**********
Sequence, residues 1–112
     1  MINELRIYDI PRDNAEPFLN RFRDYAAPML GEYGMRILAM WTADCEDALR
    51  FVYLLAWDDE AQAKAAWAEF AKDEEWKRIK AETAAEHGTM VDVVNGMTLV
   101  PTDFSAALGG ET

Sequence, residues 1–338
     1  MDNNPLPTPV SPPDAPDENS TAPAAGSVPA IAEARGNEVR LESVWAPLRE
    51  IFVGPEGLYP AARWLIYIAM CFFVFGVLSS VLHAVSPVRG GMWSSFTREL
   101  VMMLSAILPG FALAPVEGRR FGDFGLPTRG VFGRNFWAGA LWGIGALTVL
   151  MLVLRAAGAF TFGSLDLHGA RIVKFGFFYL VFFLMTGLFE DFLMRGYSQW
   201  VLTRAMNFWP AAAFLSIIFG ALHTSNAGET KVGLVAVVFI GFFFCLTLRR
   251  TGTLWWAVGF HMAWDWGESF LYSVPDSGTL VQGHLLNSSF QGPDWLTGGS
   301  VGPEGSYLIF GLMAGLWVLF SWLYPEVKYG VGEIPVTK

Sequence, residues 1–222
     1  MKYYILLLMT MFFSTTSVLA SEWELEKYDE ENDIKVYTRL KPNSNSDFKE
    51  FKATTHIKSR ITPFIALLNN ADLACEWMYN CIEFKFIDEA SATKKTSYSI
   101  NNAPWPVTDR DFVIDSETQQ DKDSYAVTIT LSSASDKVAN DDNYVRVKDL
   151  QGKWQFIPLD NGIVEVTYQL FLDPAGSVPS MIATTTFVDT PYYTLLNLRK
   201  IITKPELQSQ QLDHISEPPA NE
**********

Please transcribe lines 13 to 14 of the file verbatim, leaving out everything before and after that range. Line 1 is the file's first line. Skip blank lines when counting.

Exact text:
Sequence, residues 1–222
     1  MKYYILLLMT MFFSTTSVLA SEWELEKYDE ENDIKVYTRL KPNSNSDFKE